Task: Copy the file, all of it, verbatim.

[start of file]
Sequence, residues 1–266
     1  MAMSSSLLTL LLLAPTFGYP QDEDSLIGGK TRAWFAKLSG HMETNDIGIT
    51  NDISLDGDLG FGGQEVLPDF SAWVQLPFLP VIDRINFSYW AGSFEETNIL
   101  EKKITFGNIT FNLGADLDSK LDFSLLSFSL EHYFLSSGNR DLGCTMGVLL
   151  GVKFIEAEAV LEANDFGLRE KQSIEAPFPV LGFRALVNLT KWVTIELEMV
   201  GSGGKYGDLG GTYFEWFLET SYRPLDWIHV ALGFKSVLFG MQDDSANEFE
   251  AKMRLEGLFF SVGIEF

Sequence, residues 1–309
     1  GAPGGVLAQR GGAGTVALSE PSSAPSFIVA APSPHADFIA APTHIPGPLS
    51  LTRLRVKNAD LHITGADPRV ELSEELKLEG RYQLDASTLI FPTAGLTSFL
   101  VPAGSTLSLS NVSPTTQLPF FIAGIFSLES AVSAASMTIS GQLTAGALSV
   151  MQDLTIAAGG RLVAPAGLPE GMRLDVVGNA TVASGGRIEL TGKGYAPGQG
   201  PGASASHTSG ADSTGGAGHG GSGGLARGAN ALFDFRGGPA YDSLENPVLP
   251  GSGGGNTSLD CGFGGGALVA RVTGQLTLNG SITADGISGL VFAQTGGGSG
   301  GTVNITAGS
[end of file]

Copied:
Sequence, residues 1–266
     1  MAMSSSLLTL LLLAPTFGYP QDEDSLIGGK TRAWFAKLSG HMETNDIGIT
    51  NDISLDGDLG FGGQEVLPDF SAWVQLPFLP VIDRINFSYW AGSFEETNIL
   101  EKKITFGNIT FNLGADLDSK LDFSLLSFSL EHYFLSSGNR DLGCTMGVLL
   151  GVKFIEAEAV LEANDFGLRE KQSIEAPFPV LGFRALVNLT KWVTIELEMV
   201  GSGGKYGDLG GTYFEWFLET SYRPLDWIHV ALGFKSVLFG MQDDSANEFE
   251  AKMRLEGLFF SVGIEF

Sequence, residues 1–309
     1  GAPGGVLAQR GGAGTVALSE PSSAPSFIVA APSPHADFIA APTHIPGPLS
    51  LTRLRVKNAD LHITGADPRV ELSEELKLEG RYQLDASTLI FPTAGLTSFL
   101  VPAGSTLSLS NVSPTTQLPF FIAGIFSLES AVSAASMTIS GQLTAGALSV
   151  MQDLTIAAGG RLVAPAGLPE GMRLDVVGNA TVASGGRIEL TGKGYAPGQG
   201  PGASASHTSG ADSTGGAGHG GSGGLARGAN ALFDFRGGPA YDSLENPVLP
   251  GSGGGNTSLD CGFGGGALVA RVTGQLTLNG SITADGISGL VFAQTGGGSG
   301  GTVNITAGS